So I ring reception and ask for advice. The Concierge turns up and repeats my performance though he’s remarkably more good humored. And he’s fully clothed. So am I by now. One overhead light remains brightly lit.
He calls for Maintenance Man. Who turns up in his blue overalls and repeats the performance. Much head scratching, teeth gnashing and pacing follows. The room is large but it’s starting to get a little crowded in here. I’m tempted to collapse into bed while they figure it out. Maintenance Man is onto something though. Looking for the switch, he bizarrely tries the interconnecting door. It’s not locked so that he waves to my neighbor in bed watching TV. Oops. One overhead light remains brightly lit.
The Concierge leaves to find a key to lock the interconnecting door. Maintenance Man leaves too, promising to return shortly with his ladder to remove the offending light bulb from its socket. Which he does. It’s dark at last. It’s also close to 11pm so I’m keen to crawl into bed. But not before the interconnecting door to stranger number three’s bedroom is locked.
There’s another problem. Concierge returns forlornly to advise that he doesn’t have a key to lock the door and wont be able to secure it until the next day. Oops again. So I politely ask to be moved to another room. The poor guy. I feel for him, he’s in a difficult position. But it’s not good enough to put a female (nor a male for that matter) guest into a room that has an open door into the next occupied room. Not in a five star property.
It’s close to midnight by the time I’m ready to hop into bed for the second time, in my new room downstairs. Kindly, the Concierge has helped me with my luggage this time. The men have left my room. The doors are locked. The lights are out. I slip between crisp sheets and glimpse the shimmering lights of the swimming pool beyond the glass patio doors. I’ve been upgraded to a lagoon side room with direct access to the pool. Nice. Tempting as it is, that swim will have to wait.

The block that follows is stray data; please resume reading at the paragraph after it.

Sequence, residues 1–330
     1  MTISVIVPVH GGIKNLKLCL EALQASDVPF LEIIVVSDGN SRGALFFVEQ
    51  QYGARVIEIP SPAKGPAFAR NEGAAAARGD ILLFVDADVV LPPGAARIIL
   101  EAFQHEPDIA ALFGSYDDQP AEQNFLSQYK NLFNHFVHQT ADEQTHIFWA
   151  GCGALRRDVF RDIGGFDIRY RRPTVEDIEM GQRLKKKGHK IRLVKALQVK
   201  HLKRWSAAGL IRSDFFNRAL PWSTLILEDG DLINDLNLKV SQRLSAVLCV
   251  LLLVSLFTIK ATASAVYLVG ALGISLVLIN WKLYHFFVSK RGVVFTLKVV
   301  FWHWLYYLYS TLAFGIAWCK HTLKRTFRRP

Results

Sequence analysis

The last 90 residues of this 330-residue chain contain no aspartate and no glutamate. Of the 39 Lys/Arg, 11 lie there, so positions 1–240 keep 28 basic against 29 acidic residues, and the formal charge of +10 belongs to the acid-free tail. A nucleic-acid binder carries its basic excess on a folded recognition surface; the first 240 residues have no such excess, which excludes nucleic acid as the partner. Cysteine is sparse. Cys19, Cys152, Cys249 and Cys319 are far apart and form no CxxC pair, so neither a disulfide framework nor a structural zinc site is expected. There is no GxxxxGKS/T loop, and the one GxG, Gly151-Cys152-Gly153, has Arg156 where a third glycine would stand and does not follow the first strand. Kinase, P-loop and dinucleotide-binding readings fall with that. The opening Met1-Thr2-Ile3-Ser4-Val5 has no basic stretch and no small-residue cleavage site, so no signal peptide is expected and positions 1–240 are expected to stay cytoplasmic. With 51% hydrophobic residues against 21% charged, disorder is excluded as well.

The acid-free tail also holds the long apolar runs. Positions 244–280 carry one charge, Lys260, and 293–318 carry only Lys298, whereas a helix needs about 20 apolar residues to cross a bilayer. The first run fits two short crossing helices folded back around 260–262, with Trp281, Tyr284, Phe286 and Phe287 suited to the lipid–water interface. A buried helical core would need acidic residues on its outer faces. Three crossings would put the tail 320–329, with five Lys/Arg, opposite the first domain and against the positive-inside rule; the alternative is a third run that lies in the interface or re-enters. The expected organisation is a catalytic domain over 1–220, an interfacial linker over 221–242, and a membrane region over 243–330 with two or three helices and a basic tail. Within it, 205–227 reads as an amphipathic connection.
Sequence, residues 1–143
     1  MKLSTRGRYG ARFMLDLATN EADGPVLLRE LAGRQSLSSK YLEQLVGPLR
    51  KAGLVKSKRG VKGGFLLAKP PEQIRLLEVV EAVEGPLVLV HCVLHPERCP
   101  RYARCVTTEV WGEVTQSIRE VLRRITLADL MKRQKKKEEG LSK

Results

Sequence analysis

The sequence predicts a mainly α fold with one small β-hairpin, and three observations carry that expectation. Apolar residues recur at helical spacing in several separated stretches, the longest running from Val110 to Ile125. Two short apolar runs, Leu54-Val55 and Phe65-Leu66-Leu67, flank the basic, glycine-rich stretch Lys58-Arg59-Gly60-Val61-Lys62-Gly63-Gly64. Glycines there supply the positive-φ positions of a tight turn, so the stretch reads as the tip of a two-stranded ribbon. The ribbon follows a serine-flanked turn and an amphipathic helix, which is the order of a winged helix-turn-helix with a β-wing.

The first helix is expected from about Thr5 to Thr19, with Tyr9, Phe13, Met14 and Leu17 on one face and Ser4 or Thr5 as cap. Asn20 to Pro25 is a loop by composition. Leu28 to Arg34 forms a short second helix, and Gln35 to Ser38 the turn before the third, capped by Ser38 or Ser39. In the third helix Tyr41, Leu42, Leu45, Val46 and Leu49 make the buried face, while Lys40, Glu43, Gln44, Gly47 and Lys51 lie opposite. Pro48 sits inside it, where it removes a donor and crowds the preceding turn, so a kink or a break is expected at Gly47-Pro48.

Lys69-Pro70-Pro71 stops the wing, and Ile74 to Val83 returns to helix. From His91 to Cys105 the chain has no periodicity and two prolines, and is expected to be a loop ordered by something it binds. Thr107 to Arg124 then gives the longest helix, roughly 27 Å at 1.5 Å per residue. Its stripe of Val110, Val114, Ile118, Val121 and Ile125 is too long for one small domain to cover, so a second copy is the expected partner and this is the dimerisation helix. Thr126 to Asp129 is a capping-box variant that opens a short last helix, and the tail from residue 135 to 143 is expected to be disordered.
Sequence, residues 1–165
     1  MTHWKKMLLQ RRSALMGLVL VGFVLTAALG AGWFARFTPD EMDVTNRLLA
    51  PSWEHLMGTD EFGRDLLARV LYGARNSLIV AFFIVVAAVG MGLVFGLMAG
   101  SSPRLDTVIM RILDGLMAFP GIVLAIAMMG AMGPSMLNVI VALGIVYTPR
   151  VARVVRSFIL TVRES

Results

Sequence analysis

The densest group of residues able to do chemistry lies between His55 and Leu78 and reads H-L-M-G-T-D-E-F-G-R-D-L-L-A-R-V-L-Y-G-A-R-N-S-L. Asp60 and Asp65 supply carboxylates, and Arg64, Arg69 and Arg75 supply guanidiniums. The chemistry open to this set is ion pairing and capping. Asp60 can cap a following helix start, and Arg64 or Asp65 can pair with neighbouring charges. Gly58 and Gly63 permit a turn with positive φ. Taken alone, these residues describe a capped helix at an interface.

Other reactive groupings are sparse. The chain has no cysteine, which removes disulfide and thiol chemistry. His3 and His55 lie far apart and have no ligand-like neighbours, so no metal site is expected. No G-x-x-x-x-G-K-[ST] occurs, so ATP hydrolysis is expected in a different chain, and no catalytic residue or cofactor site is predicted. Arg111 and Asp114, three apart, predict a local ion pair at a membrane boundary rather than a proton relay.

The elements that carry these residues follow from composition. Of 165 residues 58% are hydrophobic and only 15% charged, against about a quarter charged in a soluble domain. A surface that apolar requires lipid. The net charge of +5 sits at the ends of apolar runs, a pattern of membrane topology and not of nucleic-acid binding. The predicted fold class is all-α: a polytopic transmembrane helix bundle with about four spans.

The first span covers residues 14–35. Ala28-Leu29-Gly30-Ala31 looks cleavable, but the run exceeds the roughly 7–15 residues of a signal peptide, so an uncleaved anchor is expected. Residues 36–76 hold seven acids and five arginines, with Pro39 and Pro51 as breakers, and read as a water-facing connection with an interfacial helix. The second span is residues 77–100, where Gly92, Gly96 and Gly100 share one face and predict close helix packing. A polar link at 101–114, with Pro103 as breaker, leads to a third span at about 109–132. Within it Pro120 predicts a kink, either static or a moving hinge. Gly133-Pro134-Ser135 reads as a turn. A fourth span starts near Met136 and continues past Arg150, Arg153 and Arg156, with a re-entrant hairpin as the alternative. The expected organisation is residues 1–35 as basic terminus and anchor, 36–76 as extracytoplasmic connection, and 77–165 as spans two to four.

Over the next two days I’m ensconced in SKYCITY Darwin I take full advantage of that glorious pool, the sandy beach, the swim-up bar and poolside restaurant. I also find the aforementioned bridge which is cantilevered above the pool. It’s hard to miss in the daylight. SKYCITY Darwin turns out to be a fabulous resort: a splendid option for visitors who want stylish modern accommodation, something Darwin has lacked in the past. It’s also in a great beachside location adjacent to the Mindl Beach Markets and a short cycle (hire bikes from reception) along the waterfront to Darwin Sailing Club. With no further appearance of strange men in my room, my lover arrives on day two in time to board Orion Expeditions ship the following day. He’s delighted with the swimming pool that kisses our patio but annoyingly becomes rather more besotted with the enormous flat screen TV. Idly I wonder if Maintenance Man might be able to disengage the TV too.
It’s unfortunate we got off to a tricky start. Will I be back? Absolutely. With an eye mask in my luggage just in case.
Fiona Harper was a guest of SKYCITY Darwin.